In China, many people are narrow-minded when it comes to the western world and its way of life. However, paradoxically, when westerners visit China, they need to have an open mind – especially when it comes to food. The Chinese have a saying: ‘We eat anything with four legs – except tables, and everything that flies – except airplanes’, and that is quite literally very true. Almost. China is famed for its range of cuisine from its different regions as well as known for its appetite for exotic delicacies of or from animals beyond chickens, pigs and cows, which has resulted in it being constantly criticised for the farming and killing of or fishing for animals for their meat. From insects to reptiles and from animals’ internal organs to their genitals, pretty much anything that is edible is available in China; in shops, restaurants and on the streets.
When I lived in China for a year I was open to trying almost any kind of food available, including dog, snakeskin and shark fin soups, ostrich, octopus, frog, pigeon, duck tongues and my least favourite, starfish – it tastes a bit like salty crab on the inside but the skin was worse than biting a stale crust of bread. I didn’t quite fancy bugs, although was told cockroaches were not too bad and are, as you can imagine, crunchy. If you’re already squeamish about eating chicken feet, a delicacy that is very common in Chinese restaurants in the western world, then China may not be the place for yet, if you’re ever in China and can stomach some of these specialities and brush off the shock or even disgust that some people may bear towards you for being brave, then you should definitely take up the chance to at least try.
Animals and their body parts have long been used for ‘medicinal purposes’ by the Chinese and so many of these foods are also apparently good for one’s health, particularly the genitals of animals – most of which are used to help treat or cure sexual health problems such as erectile dysfunction and lack of libido. For example, animal penises are good for the skin and wine made from a deer’s heart, penis and blood can act like a very effective viagra – with no side effects. Get in there! Literally. However, if you’re under fifteen, eating such things should not be allowed because the hormones can interfere with natural growth, and women should not eat testicles – unless they want to run the risk of having a deeper voice and maybe even a beard.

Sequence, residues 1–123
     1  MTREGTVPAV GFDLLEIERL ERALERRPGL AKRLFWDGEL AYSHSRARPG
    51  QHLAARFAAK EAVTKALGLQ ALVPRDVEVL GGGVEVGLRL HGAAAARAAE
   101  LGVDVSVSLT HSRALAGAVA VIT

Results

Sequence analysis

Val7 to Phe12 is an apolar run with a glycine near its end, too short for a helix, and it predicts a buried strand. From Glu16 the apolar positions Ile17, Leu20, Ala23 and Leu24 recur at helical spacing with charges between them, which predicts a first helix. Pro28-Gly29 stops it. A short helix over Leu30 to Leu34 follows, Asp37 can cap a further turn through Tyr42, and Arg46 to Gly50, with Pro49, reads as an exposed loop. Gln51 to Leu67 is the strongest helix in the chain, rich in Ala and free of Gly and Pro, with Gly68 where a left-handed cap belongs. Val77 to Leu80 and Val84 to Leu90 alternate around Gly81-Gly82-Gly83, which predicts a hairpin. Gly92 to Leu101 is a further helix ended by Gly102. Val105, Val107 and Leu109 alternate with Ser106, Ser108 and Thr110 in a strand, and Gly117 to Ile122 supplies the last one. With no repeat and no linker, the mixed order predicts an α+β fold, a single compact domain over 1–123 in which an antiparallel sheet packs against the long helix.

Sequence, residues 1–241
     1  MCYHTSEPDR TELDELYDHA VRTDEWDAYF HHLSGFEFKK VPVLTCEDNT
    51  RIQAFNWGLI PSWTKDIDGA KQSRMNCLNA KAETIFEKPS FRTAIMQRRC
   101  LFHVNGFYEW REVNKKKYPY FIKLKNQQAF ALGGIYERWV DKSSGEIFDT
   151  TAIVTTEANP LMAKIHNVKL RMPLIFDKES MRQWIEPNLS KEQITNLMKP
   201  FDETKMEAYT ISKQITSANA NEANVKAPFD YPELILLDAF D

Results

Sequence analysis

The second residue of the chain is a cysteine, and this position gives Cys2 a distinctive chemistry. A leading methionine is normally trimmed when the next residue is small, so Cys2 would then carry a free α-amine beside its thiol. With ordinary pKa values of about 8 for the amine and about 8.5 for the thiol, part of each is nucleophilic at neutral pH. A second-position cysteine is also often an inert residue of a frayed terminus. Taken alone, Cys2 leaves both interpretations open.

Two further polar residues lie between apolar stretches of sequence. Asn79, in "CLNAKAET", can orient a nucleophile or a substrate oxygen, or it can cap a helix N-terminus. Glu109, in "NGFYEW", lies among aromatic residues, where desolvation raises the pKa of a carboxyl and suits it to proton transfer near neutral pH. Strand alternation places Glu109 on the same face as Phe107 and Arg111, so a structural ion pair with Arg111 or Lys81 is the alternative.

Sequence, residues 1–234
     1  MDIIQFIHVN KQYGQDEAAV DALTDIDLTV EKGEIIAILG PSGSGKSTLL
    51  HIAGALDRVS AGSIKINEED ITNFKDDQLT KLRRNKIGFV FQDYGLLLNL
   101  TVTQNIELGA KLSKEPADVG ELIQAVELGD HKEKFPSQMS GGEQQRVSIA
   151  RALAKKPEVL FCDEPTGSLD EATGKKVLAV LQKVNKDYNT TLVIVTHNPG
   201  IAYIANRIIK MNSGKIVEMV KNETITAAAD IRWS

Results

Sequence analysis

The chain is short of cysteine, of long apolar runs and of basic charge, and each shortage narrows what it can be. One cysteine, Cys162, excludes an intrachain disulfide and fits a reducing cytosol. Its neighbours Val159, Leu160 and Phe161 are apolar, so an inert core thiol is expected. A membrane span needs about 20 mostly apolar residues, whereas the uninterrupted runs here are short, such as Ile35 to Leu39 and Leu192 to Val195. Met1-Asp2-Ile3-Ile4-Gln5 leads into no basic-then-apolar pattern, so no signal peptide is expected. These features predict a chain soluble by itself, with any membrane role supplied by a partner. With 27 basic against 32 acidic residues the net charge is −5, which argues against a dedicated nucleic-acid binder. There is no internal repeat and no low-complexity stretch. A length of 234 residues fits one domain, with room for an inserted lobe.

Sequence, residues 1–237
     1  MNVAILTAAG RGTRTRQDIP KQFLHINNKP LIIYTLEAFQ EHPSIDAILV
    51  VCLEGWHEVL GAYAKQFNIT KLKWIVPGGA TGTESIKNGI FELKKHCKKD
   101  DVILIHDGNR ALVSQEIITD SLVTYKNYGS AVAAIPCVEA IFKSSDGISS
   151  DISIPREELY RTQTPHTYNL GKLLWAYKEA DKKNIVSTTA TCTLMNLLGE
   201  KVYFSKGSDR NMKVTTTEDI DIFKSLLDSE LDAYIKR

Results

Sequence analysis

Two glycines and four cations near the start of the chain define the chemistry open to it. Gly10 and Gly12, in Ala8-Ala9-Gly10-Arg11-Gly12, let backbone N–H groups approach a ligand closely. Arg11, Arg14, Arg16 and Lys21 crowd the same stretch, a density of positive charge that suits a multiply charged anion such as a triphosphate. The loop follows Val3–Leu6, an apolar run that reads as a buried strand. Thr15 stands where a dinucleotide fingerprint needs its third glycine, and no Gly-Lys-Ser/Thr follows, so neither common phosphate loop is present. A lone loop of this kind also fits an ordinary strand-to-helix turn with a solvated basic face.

Apart from the wide array of animals you can eat, Chinese cuisine is legendary for its different flavours and distinct regional dishes, including the most popular worldwide, Cantonese (southern China) style and the renowned spicy cuisine of Szechuan and western China. Cooking styles vary across the whole country and some foods and ingredients or herbs and spices are only found or used in certain areas, making them unique; before going to different regions and cities, checking what the local style and speciality dishes are is recommended and trying them is a must.
When it comes to drinks in China, tea would obviously spring to everyone’s minds. Tea has always been a part of Chinese history and culture – the preparation and presentation of tea, the way it is drunk and the reasons for drinking it is still taken into consideration by many. With dozens of different varieties, flavours and grades of tea available, many of which have their own health properties, you’ll be spoilt for choice if you want to try some – and probably completely clueless as well. If you prefer alcoholic beverages, China’s famed Tsingtao and Yanjing beers are highly recommended, but if you’re looking for something stronger, then China’s wines and spirits could knock you out quicker than it takes to try and pronounce their names. Dynasty and Great Wall Wines are two of China’s most popular brands, while ‘Baijiu’ is China’s infamous liquor – between 40 and 60 percent ABV – that could put some of the strongest vodkas of the world to shame and test even the heaviest drinker’s alcohol tolerance.
Authentic Chinese cuisine is not for the unadventurous (are you brave enough to try something other than sweet and sour pork and chicken in black bean sauce?) or faint-hearted, but if you’re one of the courageous ones, then experiencing as many different kinds of food as possible is highly recommended – and doing so in their respective areas even more so – Szechuan dishes in Shanghai for example, are different to those found in Szechuan itself, and Peking duck in Beijing is far better than having it in Hong Kong. They say ‘Chinese food never fills you up and after eating it you still feel hungry’, but when there’s so much choice available and with many dishes costing less than half a meal in the UK, that should not be a difficult problem to solve.